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PulteGroup, Inc. (NYSE: PHM) says the market for new homes is in such turmoil that it has withdrawn its stock guidance and won't be issuing any more until "conditions stabilize."
The nation's third-largest homebuilder said last week that its quarterly results showed increased sales and a strong balance sheet and that January and February provided "tremendous momentum and strong buyer demand" until the pandemic took hold in March.
The change has been dramatic. In an earnings call on Thursday, April 23, Atlanta-based PulteGroup, which operates in 44 markets in 23 states, said it recorded more than 800 net new orders for homes in the first full week of March. For the last full week, there were 140.
Now, said President/CEO Ryan Marshall, "Based on real-time insights supplied by frontline managers, we are routinely adjusting sales, construction, purchasing, mortgage, and other functional practices to the rapidly changing market conditions."
Developing, a virtual business
For instance, the company, whose subsidiaries include Del Webb and Centex, said it's keeping an eye on lending criteria in its mortgage financing arm and has slowed land development but not yet mothballed new-home communities where development is underway.
"The latter may become a tactic depending on how the slowdown plays out," Marshall said on the earnings call, "but for now we want to continue turning assets even at a reduced rate."
The company said it's also trying to use virtual technology as much as possible to design, show, and sell homes and that social distancing and cleaning best practices are in place at construction sites that remain active.
March ended badly, April may be worse
PulteGroup said net income for the first quarter ending March 31 was $204 million, or $0.74 per share, up from $167 million, or $0.59 per share, in the year-ago quarter. The company also enjoyed a 16% increase year over year in homes closed to 5,373.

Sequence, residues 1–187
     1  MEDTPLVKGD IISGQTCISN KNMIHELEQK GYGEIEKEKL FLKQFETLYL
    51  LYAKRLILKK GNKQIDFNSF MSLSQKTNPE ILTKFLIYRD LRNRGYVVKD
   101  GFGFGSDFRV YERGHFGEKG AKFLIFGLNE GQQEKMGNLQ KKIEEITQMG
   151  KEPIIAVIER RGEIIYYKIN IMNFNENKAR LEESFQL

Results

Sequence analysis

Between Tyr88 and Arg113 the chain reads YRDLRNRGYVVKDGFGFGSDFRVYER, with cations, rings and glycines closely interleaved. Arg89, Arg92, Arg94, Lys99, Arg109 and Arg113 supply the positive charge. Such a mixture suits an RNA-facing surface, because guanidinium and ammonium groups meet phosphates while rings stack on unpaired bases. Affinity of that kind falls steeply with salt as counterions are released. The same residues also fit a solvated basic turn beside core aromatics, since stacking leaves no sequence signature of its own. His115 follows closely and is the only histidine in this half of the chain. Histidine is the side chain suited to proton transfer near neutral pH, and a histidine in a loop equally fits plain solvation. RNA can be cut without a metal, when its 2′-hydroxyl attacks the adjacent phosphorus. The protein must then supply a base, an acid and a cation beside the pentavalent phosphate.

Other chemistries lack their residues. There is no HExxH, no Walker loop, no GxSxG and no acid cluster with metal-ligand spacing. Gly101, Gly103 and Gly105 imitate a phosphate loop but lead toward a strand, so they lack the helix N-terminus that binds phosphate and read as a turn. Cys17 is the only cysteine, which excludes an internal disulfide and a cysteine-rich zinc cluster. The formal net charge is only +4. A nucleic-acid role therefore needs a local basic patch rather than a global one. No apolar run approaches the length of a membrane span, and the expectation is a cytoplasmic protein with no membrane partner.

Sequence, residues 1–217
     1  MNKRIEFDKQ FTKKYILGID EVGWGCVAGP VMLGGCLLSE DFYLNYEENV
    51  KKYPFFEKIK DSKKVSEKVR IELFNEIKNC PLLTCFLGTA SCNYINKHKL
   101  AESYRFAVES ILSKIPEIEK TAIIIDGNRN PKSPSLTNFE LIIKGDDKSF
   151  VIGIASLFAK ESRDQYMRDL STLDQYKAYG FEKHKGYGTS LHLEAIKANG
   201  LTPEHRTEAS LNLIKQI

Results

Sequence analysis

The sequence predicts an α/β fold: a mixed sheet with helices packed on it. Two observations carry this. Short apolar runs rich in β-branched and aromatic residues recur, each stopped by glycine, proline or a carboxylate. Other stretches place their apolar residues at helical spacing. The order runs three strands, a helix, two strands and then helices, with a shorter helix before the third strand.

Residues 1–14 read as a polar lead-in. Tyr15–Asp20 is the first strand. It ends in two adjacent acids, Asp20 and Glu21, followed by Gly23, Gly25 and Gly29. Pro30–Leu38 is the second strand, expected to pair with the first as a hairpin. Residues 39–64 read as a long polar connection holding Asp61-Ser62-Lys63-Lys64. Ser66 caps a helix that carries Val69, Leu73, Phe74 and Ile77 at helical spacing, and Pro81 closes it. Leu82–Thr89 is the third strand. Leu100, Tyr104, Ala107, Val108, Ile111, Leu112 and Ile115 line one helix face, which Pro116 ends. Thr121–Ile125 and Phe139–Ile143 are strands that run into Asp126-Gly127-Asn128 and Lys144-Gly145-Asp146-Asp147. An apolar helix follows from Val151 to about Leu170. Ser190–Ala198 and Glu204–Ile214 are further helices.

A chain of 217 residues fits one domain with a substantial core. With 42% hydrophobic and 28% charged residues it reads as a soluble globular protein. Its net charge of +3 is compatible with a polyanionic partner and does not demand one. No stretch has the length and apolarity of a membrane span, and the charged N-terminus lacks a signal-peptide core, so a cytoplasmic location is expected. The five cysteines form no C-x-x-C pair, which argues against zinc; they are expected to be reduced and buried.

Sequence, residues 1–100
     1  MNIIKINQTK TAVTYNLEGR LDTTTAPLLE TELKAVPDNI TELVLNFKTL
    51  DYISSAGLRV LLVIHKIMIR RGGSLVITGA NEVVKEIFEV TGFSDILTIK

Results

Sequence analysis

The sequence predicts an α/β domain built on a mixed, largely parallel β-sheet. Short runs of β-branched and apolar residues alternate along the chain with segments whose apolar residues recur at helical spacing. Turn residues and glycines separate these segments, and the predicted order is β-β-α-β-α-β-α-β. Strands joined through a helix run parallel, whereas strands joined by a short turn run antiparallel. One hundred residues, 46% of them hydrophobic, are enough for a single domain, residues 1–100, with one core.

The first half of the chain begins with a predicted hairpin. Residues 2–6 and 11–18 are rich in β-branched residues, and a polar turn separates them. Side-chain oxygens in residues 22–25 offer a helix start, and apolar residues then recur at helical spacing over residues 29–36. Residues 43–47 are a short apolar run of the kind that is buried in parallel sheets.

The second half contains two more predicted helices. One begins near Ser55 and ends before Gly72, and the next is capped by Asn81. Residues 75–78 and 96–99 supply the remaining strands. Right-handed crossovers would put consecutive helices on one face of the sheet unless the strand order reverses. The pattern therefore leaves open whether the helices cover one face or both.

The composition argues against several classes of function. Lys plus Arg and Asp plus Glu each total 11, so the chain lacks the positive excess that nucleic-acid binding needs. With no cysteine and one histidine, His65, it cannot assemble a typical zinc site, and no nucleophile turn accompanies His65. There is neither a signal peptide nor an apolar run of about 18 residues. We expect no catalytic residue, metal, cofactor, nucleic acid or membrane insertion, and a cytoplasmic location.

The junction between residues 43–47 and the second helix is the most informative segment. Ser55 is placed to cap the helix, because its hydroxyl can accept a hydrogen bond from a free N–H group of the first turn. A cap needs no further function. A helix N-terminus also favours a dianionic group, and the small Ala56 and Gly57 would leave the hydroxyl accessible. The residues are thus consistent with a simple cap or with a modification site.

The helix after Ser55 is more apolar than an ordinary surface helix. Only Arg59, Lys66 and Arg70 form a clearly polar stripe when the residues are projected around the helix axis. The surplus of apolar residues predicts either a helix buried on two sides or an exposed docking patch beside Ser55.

But the skid that began in mid-March continued through the first three weeks of April, which were down a little below 50% of the first quarter pace of sales. The sample size is small, Marshall said on the earnings call, but given the economic conditions, "it is no surprise that housing demand has slipped even further."
He added, "It's this level of volatility, along with the dramatic economic slowdown and ongoing job loss, that led us to withdraw our guidance for 2020 … and we will not be providing any new guidance until conditions stabilize."
The company also is suspending its stock repurchases.
No better crystal ball
How and when does PulteGroup anticipate a market rebound? "We don't have a better crystal ball than anybody else does in terms of what the recovery ultimately looks like. Is it a U, is it a V, is it an L, is it a square root recovery?" Marshall said, adding that there are "a ton of theories out there" and that they are studying them all.
Critical to any equation is the speed and depth of an economic bounce back, particularly in the labor market. "If the job losses can be minimized and the folks that have been furloughed are able to be called back, I think that bodes well for housing," Marshall said.
The inventory shortage the market had going into the coronavirus-induced recession is also serving to help underpin prices, he said.
"We haven't seen in the market broad-based reductions on base pricing, which I think is generally a positive," the PulteGroup chief executive said.
Part of the bigger pandemic picture
The U.S. Census Bureau and U.S. Department of Housing and Urban Development (HUD) reported last week (April 23) that median and average sales prices for new homes remained higher year over year, at $321,400 and $375,300, respectively, for March 2020, compared with $310,600 and $372,700 in March 2019.
But, like PulteGroup has experienced, sales nationally fell 15.4% from February to March to an annualized estimated rate of 627,000 units. That's also 9.5% below the March 2019 annualized rate of 693,000 units.
Monthly residential construction starts also fell off sharply in March, HUD and the Census Bureau reported. Real estate agents also are seeing a drop in activity as consumers wait out the pandemic, and at least one major lender has begun tightening its credit standards.
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